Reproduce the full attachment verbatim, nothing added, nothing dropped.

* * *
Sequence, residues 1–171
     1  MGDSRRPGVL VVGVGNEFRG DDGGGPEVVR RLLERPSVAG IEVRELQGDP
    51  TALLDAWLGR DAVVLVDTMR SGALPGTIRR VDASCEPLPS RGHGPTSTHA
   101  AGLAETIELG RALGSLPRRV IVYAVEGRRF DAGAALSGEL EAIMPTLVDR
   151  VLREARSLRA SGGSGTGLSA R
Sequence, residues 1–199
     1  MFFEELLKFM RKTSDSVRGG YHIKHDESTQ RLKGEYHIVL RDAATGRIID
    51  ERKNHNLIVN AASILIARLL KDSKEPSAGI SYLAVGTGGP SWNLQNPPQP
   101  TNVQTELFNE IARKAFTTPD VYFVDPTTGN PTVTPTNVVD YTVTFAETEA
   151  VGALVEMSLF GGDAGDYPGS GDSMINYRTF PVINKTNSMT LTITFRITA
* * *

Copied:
Sequence, residues 1–171
     1  MGDSRRPGVL VVGVGNEFRG DDGGGPEVVR RLLERPSVAG IEVRELQGDP
    51  TALLDAWLGR DAVVLVDTMR SGALPGTIRR VDASCEPLPS RGHGPTSTHA
   101  AGLAETIELG RALGSLPRRV IVYAVEGRRF DAGAALSGEL EAIMPTLVDR
   151  VLREARSLRA SGGSGTGLSA R
Sequence, residues 1–199
     1  MFFEELLKFM RKTSDSVRGG YHIKHDESTQ RLKGEYHIVL RDAATGRIID
    51  ERKNHNLIVN AASILIARLL KDSKEPSAGI SYLAVGTGGP SWNLQNPPQP
   101  TNVQTELFNE IARKAFTTPD VYFVDPTTGN PTVTPTNVVD YTVTFAETEA
   151  VGALVEMSLF GGDAGDYPGS GDSMINYRTF PVINKTNSMT LTITFRITA